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OpenAI opens ChatGPT floodgates with dirt-cheap API

'This has to be a loss-leader to lock out competitors'

After a limited trial OpenAI has unleashed its ChatGPT and Whisper models on developers, who can now integrate chatbot interaction and speech-to-text conversion into their own applications through API calls.

ChatGPT is a non-intelligent, sentence-predicting language model tuned for responding to questions, and has attracted considerable attention since its November 30, 2022 debut. Presented with a text prompt, it has a fair chance of formulating an acceptable response if the answer can be found in its training data. Or if queried with a jailbreak prompt, it may reply in a way that violates its safety rules.

Whisper is an automatic speech recognition system released last September. It's capable of turning spoken English into text, which can then be input into ChatGPT or used for any other speech-to-text application, like interview transcription.

The ChatGPT model family released on Wednesday, gpt-3.5-turbo, is offered at a price of $0.002 per 1,000 tokens (~750 words), which OpenAI says is 10x cheaper than previous GPT-3.5 models. The Whisper large-V2 model is priced at $0.006 / minute. There's also an open source version of the code, though OpenAI admits it can be hard to run.

Max Woolf, a data scientist, in an online post, observes that that the API pricing is extraordinarily low.

“I have no idea how OpenAI can make money on this,” he said. “This has to be a loss-leader to lock out competitors before they even get off the ground.”

There is of course no guarantee these prices won’t rise later.

Accessing ChatGPT with a curl request looks like this:

  -H "Authorization: Bearer $OPENAI_API_KEY"
  -H "Content-Type: application/json"
  -d '{
  "model": "gpt-3.5-turbo",
  "messages": [{"role": "user", "content": "What is the OpenAI mission?"}]

Making a call to the Whisper endpoint is similarly uncomplicated.

In preparation for an anticipated rush of paying customers, OpenAI has committed to changes based on feedback from early adopters. This includes: no longer using data submitted via API for service improvements like model training unless customers opt-in; updating its Terms of Service and Usage Policies to clarify "users own the input and output of the models"; and other adjustments.

Furthermore, the company now understands that the stability of its services – something not evident recently – matters.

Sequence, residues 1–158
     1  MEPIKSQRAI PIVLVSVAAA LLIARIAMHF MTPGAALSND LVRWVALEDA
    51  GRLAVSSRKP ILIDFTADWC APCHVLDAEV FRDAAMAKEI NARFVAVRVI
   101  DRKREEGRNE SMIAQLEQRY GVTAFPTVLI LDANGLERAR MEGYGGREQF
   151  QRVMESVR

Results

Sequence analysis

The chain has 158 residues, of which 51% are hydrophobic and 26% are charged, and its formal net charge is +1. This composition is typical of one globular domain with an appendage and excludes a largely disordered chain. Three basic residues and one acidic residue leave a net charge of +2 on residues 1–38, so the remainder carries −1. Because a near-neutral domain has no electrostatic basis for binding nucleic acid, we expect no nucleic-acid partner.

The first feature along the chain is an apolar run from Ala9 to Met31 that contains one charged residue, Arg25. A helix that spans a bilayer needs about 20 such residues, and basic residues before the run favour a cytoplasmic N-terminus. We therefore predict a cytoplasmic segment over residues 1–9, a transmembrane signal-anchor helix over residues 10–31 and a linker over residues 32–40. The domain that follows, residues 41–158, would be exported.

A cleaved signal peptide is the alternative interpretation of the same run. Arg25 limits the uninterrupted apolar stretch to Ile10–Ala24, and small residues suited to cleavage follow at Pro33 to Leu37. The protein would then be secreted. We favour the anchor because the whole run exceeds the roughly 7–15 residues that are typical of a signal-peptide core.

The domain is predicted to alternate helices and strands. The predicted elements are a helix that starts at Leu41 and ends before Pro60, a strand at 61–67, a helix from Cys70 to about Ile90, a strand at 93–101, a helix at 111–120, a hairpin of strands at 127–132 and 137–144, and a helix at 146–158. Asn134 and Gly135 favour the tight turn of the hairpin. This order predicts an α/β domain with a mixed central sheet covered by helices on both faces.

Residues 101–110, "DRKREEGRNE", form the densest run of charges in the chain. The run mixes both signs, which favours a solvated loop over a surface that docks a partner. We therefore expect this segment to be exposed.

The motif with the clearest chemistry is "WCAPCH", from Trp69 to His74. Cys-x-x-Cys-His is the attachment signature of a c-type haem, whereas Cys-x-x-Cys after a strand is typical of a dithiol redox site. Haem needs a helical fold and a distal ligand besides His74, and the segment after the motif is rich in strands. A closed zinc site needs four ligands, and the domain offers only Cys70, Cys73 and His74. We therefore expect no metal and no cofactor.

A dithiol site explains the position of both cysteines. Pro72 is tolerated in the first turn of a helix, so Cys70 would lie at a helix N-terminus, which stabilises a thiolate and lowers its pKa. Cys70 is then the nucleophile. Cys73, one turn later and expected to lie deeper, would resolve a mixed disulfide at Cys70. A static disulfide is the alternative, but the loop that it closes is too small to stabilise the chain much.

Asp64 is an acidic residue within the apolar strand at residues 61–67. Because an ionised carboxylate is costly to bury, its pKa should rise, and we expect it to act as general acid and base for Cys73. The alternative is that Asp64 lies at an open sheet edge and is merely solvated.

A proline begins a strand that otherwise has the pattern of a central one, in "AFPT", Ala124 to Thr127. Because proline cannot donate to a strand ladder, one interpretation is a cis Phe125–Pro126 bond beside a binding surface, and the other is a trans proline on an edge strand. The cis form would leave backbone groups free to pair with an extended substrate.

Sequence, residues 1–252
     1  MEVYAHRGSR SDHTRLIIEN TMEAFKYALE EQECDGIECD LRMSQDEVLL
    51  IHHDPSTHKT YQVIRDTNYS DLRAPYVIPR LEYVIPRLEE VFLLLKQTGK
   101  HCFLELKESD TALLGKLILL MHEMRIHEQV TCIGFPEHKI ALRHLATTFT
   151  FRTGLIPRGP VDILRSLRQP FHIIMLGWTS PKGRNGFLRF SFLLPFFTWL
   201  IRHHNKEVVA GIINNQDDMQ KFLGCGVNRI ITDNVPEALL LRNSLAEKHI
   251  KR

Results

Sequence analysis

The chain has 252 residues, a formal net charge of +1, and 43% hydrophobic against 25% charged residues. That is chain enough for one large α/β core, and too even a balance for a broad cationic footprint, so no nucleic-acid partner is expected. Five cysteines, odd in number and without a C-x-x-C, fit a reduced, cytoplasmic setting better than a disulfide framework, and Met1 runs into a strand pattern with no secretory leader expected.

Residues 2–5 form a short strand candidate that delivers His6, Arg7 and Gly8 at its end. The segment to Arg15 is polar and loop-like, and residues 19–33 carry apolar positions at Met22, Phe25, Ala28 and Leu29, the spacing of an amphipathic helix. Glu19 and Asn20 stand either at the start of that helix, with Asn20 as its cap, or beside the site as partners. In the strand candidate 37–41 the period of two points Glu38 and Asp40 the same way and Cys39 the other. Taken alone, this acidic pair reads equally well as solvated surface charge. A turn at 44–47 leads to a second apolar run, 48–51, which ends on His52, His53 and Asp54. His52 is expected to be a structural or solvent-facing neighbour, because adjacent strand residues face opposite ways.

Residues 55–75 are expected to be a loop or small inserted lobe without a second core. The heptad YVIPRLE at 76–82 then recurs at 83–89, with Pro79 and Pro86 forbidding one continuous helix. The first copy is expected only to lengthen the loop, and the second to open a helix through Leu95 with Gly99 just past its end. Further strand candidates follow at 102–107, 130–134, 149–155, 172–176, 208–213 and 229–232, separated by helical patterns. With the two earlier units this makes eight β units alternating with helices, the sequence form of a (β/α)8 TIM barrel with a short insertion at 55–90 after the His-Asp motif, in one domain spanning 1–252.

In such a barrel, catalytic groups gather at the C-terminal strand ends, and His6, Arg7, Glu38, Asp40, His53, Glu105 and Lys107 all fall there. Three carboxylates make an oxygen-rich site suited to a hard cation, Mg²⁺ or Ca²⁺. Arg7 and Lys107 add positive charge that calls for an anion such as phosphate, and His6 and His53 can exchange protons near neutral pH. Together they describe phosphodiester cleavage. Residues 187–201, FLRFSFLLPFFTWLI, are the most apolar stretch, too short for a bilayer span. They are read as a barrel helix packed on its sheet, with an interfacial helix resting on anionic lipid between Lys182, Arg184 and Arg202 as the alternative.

"For the past two months our uptime has not met our own expectations nor that of our users," the company said in its blog post. "Our engineering team's top priority is now stability of production use cases – we know that ensuring AI benefits all of humanity requires being a reliable service provider."

That's not quite a Service Level Agreement, but something of the sort may be coming.

OpenAI's aspirational plan to ensure that "AI benefits all of humanity" remains sketchy. But surely bringing mechanical chatter to the wretched of the world begins with availability.

The possibility that ChatGPT or some more capable successor could upend the search business has alarmed Google executives and convinced Microsoft that its also-ran search service Bing could do better wedded to a browser sidebar of engaging if not always accurate conversation.

OpenAI has been providing early adopter companies with access to these two models through an API. The result is apps like My AI, a chatbot released this week for Snapchat+ subscribers that the messaging company describes as "a personal sidekick to each Snapchatter who chats with it."

Other apps integrating the API include: Q-Chat, a study service Quizlet's ChatGPT-powered tutoring service; Shop, ecommerce platform Shopify's ChatGPT-powered shopping assistant; and Speak, a language learning app that relies on Whisper.

These are just examples of what's possible and OpenAI – a non-profit that opened a for-profit arm in 2019 and has since been showered with money from Microsoft – hopes developers will build other apps that make use of their models in novel but remunerative ways. ®

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